Here’s a trailer for Marvel’s next motion comic, based on Joss Whedon and John Cassaday’s well-received run on Astonishing X-Men, due on iTunes on October 28th. You guys know I’m generally a Whedon fan and although I didn’t read all of the comics, what I did read I liked a great deal. So I’m probably well inside the target audience for this motion comic, I would think. And yet I don’t really care, because it’s a motion comic.
Here’s my question — how is Marvel determining what should be a motion comic and what should be one of their direct-to-DVD animated movies? Frankly, I don’t dig the faux-animation and photoshop goofballery that’s necessary to make a comic a “motion comic.” Do you guys? And I’ve previously gone on record as hating the original stories Marvel has chosen to waste their time with in the DVD movie realm, such as Next Avengers and this upcoming Lil Thor or whatever its called; is there a reason that Marvel isn’t making an animated DVD of Whedon’s Astonishing X-Men? Because I’d buy that in a heartbeat. I’m genuinely looking forward to the animated Planet Hulk movie. And I’d kill a man if Marvel decided to animate some old-school comic sagas like Secret Wars or the Masters of Evil’s attack on Avengers mansion.
I’m assuming the motion comics are cheap and easy to put out. And they’re clearly popular, or Marvel wouldn’t keep making them. But I still can’t imagine why this Astonishing X-Men is a motion comic and not an animated DVD movie. Seems like a total waste to me.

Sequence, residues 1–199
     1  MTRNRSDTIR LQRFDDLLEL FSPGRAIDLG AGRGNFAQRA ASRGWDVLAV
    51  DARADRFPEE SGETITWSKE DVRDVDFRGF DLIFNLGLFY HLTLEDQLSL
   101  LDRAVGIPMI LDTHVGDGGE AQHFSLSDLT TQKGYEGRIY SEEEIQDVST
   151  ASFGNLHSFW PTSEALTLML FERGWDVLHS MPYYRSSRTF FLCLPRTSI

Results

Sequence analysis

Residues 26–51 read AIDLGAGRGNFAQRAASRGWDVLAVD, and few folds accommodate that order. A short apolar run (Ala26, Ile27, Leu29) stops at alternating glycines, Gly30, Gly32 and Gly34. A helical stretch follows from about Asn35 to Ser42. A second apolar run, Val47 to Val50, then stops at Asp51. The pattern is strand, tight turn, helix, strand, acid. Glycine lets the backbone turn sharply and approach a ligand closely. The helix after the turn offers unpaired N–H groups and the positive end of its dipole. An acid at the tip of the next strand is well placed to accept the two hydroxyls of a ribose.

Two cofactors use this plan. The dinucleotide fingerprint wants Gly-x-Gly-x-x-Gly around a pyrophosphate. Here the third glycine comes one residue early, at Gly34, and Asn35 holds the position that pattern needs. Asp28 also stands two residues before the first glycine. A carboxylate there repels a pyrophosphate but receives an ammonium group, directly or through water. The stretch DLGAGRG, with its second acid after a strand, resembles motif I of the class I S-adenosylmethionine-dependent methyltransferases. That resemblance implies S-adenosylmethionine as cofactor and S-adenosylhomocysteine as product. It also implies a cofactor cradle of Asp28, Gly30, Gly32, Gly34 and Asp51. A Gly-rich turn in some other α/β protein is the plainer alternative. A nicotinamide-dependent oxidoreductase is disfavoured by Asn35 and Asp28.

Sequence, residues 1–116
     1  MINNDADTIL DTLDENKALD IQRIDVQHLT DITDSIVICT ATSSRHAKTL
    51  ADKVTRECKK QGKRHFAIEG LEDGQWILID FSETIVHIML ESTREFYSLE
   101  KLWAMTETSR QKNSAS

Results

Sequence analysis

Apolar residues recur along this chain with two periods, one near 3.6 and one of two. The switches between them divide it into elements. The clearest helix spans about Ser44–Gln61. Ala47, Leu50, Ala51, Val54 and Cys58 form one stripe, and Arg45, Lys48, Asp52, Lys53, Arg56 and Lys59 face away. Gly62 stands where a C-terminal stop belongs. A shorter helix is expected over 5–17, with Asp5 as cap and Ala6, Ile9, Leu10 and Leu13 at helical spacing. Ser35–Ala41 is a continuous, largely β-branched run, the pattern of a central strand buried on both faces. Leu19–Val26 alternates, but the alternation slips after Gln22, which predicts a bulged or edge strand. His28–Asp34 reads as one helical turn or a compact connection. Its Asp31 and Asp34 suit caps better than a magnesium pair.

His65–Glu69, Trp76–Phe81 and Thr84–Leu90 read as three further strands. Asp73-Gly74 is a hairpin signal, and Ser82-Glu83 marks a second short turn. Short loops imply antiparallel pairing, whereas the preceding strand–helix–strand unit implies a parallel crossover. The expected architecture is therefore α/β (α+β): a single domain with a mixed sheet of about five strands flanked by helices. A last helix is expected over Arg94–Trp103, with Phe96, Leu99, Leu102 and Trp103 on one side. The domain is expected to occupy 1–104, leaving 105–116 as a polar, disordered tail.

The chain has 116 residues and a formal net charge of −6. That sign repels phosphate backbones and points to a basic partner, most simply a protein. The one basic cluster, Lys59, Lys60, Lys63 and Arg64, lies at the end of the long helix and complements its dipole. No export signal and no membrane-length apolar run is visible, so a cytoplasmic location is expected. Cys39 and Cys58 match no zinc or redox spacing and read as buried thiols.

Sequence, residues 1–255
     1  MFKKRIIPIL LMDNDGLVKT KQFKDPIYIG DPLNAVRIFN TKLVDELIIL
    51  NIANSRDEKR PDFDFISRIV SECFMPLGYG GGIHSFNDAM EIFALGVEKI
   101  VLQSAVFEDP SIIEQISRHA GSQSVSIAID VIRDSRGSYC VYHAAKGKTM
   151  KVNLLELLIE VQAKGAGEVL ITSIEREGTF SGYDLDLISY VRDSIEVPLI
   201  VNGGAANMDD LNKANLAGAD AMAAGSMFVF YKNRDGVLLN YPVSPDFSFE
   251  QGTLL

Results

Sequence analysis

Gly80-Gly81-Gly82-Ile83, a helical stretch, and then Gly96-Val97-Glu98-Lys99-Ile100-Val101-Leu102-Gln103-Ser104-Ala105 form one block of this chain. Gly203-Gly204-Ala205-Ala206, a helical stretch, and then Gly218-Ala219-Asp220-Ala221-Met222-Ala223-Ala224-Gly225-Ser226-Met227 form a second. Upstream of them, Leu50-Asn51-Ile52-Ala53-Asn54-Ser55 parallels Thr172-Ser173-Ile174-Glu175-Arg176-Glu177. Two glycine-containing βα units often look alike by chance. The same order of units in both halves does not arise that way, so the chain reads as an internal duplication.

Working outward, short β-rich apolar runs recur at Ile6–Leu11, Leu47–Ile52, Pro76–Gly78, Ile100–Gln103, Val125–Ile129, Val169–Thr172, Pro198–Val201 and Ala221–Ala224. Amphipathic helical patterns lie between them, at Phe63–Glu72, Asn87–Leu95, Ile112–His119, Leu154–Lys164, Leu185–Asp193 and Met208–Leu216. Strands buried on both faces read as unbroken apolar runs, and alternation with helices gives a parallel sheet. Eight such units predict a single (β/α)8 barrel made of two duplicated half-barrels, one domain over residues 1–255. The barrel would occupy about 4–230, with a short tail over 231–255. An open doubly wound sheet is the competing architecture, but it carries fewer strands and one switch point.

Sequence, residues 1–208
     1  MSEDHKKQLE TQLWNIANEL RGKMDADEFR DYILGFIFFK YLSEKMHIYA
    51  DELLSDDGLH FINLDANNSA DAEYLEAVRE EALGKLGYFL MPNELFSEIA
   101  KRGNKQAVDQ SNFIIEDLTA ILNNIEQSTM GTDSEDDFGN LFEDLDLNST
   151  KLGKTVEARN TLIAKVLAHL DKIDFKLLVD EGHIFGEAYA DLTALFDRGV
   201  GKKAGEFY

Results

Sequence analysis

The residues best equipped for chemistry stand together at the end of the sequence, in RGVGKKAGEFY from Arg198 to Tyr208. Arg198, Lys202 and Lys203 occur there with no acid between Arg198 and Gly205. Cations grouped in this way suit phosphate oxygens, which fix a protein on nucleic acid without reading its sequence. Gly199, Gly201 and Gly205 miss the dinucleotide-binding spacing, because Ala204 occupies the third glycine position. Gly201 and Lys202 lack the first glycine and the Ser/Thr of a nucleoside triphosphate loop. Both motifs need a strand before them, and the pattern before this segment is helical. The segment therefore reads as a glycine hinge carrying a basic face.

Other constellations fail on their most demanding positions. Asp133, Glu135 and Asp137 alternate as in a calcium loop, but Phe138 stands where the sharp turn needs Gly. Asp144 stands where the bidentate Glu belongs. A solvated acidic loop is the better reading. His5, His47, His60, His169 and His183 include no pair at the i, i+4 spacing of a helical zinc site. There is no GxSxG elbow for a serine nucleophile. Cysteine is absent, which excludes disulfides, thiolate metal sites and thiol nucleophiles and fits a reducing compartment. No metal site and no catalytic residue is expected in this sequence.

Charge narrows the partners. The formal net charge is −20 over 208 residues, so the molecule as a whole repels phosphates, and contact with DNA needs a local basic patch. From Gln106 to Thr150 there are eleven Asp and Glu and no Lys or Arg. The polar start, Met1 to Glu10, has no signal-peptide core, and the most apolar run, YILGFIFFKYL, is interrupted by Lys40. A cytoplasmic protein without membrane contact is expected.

Robert Bricken is one of the original co-founders of the site formerly known as Topless Robot, and its first editor-in-chief, serving from 2008-12. He brought the site to prominence with “nerd news, humor and self-loathing” as its motto, raising it from total internet obscurity to a readership in the millions, with help from his savage “FAQ” movie reviews and Fan Fiction Fridays. Under his tenure Topless Robot was covered by Gawker, Wired, Defamer, New York magazine, ABC News, and others, and his articles have been praised by Roger Ebert, Avengers actor Clark Gregg, comedian and The Daily Show correspondent John Hodgman, the stars of Mystery Science Theater 3000 and Rifftrax, and others. He is currently the managing editor of io9.com. Despite decades as both an amateur and professional nerd, he continues to be completely unprepared for either the zombie apocalypse or the robot uprising.